But the Holy Spirit produces this kind of fruit in our lives: love, joy, peace, patience, kindness, goodness, faithfulness, 23 gentleness, and self-control. There is no law against these things! Galatians 5:22-23

Ah, patience. That seemingly elusive fruit that we casually bestow the title of virtue upon as if we can will it into our character, into our day, into our lives {or the lives of others} by our own effort. Perhaps, for many of us, that is wherein the greatest frustration lies. Because here’s the deal, folks. Patience isn’t something that we are capable of manifesting on our own. No, really, it’s not.

In fact, if you’ve ever prayed for more patience {which I may have done a time or two}, you know that God doesn’t simply drop off a measure of it on our doorstep like an overnight delivery. Instead, he tends to provide us with the opportunity to practice patience, the opportunity to bear fruit through yet another circumstance that tries our patience. And I don’t know about you, but that pretty much translates into microscopic, invisibly incremental, barely noticeable growth.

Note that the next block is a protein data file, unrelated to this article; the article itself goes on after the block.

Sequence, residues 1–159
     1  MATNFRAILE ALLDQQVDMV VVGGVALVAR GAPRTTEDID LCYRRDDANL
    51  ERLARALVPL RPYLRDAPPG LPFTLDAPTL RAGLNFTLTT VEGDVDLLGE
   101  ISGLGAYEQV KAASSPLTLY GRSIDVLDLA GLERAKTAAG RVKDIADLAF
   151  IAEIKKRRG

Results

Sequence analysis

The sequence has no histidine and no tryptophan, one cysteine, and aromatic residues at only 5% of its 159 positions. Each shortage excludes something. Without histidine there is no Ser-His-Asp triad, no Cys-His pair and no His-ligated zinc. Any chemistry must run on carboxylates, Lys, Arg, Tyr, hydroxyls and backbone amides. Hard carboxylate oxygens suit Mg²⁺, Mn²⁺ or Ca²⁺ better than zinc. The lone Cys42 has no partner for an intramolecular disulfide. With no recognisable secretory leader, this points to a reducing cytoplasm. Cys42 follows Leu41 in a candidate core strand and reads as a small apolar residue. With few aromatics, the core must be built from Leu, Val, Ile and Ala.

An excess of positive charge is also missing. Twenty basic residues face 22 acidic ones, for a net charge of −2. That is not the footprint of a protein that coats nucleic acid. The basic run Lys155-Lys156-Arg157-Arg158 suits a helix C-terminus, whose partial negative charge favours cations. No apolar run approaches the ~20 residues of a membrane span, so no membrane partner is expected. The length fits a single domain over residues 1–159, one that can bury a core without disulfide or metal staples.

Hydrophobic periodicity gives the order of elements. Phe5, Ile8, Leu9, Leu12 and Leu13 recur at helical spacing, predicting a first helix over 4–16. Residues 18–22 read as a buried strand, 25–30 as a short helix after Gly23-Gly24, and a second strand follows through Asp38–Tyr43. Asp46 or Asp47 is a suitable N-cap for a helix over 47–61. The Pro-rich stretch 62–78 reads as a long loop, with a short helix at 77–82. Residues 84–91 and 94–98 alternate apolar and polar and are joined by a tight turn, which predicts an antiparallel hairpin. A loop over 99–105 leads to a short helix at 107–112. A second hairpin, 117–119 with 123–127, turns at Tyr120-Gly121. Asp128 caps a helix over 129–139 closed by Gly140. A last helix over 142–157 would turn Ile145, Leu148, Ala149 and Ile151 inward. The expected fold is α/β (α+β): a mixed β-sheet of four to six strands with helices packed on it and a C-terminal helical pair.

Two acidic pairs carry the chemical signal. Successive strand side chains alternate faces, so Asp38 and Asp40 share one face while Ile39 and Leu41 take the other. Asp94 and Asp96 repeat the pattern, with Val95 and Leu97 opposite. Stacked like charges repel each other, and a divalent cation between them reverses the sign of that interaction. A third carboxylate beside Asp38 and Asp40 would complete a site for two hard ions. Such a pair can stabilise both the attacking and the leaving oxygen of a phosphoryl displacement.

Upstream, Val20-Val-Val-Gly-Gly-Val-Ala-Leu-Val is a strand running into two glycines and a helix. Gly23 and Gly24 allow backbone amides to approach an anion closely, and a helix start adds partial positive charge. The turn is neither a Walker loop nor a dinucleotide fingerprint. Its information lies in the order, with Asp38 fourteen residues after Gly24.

Maybe there’s a reason that patience comes fourth in the list of fruits. Maybe we need love, joy and peace at work inside of us before we can face the pruning and the nudging it takes the Spirit to grow patience in us. Maybe we need to immerse ourselves in the love, joy and peace of God before we can withstand the refining fire that brings patience.

Because patience is really so much more than we think when we hear the word.

Too often when we hear the word patience, we think of small moments in our day – having to stand in line at the grocery store or our favorite coffee shop; having to stay calm in the face of a wailing tantruming child; having to hold your tongue in response to an obvious ignorant comment about something that matters to you; having to deal with office gossip or a difficult co-worker. But really, patience is bigger than that.